Outperformance options are a type of exotic derivative that allows investors to make leveraged trades based on the relative performance of two assets. An outperformance option works by measuring the gains and losses of two assets, such as equities, bonds or currencies, over a set period of time and comparing their performance in relation to one another.
This guide is your outperformance options 101, with all the relevant information on pricing and strategy, as well as examples to help day traders get started with this exotic option.
Below we list the top-rated brokers that offer retail options trading in 2023.
Outperformance Options Basics
- Outperformance options compare the performance of two assets over a period of time
- The payoff is based on the difference, or spread, between the performances of the two assets
- A wide range of trading assets can be used, including equities, indexes, currencies or combinations
- Outperformance options are usually traded over the counter, though they can be found on some exchanges
- Investors use outperformance options for speculation and hedging purposes
How Outperformance Options Work
Outperformance options take two assets and pit them against each other over a period, with the investor earning money if they correctly predict which asset will outperform the other. As with other types of options, traders can adopt short positions with outperformance put options or long positions with call options.
The payoff is determined by the difference in performance between the two options, also known as the spread. In this respect, outperformance options bear a resemblance to another exotic derivative called a spread option, in which the payoff is determined by the difference in price between two assets. However, outperformance options refer to the relative performance of the two assets rather than the absolute price, so traders should be careful not to confuse the two.
The following example illustrates the meaning of “relative performance” in relation to outperformance options…
Imagine a trader at a hedge fund has a hunch that the smaller company A will have a good year of business compared to a larger rival, company B. He takes out an outperformance call option pitting equities from the two companies against one another.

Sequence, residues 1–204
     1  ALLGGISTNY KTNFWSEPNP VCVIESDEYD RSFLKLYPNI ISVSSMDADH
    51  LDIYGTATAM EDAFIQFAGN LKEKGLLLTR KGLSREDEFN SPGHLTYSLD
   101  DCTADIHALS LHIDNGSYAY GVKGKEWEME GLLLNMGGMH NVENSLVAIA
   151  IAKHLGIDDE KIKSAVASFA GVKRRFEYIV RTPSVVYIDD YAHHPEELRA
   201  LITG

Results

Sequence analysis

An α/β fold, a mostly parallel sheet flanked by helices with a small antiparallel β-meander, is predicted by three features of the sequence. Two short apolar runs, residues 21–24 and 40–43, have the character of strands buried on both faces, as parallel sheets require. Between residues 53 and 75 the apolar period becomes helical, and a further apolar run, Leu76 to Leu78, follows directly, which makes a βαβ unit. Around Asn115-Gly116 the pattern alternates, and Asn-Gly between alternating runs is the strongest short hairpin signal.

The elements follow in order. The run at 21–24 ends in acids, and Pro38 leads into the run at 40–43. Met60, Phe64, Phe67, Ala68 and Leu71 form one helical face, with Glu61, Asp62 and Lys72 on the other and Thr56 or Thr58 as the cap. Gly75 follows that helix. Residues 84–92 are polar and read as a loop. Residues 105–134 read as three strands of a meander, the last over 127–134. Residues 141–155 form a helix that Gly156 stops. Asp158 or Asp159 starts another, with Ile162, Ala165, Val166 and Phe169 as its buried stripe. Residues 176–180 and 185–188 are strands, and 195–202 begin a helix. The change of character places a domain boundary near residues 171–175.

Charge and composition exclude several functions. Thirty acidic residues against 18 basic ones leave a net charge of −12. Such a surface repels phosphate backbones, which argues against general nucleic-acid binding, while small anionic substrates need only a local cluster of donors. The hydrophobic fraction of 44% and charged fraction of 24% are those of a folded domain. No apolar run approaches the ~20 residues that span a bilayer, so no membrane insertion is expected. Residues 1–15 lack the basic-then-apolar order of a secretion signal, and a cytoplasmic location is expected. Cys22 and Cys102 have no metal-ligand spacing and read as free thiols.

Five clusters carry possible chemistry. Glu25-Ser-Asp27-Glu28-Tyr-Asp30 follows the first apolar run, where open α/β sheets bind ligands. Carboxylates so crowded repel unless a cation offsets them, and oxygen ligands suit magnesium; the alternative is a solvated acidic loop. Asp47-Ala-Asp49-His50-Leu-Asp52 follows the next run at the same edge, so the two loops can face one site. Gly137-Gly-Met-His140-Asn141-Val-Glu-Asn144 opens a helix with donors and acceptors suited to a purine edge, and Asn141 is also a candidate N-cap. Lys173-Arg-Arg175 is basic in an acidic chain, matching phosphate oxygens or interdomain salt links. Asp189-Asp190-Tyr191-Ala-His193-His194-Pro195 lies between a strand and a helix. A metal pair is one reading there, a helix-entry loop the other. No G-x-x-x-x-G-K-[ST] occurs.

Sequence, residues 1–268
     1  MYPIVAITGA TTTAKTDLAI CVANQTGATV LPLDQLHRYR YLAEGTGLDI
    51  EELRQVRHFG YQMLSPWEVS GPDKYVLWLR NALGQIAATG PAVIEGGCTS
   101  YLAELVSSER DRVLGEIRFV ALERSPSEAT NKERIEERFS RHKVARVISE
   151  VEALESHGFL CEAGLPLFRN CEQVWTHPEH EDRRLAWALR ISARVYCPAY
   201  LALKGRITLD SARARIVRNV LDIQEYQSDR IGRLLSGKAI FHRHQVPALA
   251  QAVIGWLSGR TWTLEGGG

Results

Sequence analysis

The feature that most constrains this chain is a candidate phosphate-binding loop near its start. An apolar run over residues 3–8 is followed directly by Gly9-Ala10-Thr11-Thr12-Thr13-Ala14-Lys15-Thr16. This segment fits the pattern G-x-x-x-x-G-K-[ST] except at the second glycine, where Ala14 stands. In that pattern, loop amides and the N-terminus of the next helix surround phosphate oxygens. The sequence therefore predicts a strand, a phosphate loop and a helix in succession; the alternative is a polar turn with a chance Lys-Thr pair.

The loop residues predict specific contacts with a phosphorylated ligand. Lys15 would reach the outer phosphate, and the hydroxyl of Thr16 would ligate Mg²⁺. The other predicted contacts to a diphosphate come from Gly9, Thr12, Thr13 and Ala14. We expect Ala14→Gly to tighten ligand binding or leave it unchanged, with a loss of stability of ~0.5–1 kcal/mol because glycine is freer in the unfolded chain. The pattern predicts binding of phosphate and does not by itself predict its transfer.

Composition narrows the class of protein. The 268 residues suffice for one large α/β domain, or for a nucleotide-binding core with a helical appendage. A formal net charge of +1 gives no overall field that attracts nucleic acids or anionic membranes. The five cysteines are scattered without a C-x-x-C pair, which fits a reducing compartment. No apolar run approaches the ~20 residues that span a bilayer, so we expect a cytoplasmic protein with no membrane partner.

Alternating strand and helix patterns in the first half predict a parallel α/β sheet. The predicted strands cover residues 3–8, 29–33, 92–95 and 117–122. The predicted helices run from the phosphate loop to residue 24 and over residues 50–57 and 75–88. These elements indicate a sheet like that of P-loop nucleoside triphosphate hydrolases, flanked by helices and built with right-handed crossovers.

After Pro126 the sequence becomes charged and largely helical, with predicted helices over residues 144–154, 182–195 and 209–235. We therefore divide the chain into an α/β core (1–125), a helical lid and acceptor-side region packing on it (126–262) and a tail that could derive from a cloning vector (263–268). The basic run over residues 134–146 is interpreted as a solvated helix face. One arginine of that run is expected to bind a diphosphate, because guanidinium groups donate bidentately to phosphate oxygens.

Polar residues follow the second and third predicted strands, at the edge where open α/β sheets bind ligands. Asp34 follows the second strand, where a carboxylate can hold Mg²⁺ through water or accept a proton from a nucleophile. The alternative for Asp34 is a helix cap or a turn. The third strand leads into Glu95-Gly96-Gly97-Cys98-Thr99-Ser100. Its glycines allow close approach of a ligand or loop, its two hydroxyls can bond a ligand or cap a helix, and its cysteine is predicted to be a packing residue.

At the start date of the contract, company A’s stocks trade at $1, while company B’s trade at $100. When the contract matures, company A’s stock has risen to $1.10, while company B now trades at $101. Company B’s stock has risen by a dollar – ten times more growth in absolute terms than company A. Yet company A has outperformed company B, since its share price increased by 10 percent over the period rather than company B’s 1 percent.
In this case, the investor’s option is in the money, since he correctly guessed that company A would outperform company B. The payoff will be determined by the difference in performance of the two companies over the period. If the investor had wrongly guessed that company B would outperform company A, he would not receive any payoff.
The payoff is calculated with a formula devised by finance scholar William Margrabe, and the term “Margrabe options” is synonymous with outperformance options.
Trading Outperformance Options
Though they can sometimes be traded on exchanges, outperformance options like other exotic derivatives are most often sold over the counter and cash-settled. The majority are European style, meaning they must be settled on their expiration date, though American style contracts, which can be exercised at any time up to expiration, are also available.
While over-the-counter outperformance options are usually only available to large firms and institutional investors, day traders may be able to access products through some exchanges. Good brokers can help traders make a list of which options are available on specific exchanges, and they may also provide quotes on pricing and guidance in other key areas before making a trade.
Outperformance Options Strategy
Outperformance options are flexible since they allow investors to measure the performance of diverse asset types against one another. A common trade might track the performance of two indexes, such as the Nasdaq and S&P 500. However, investors are not limited to comparing like for like, and could also use outperformance options to pit the performance of individual stocks or ETFs against an index, for example.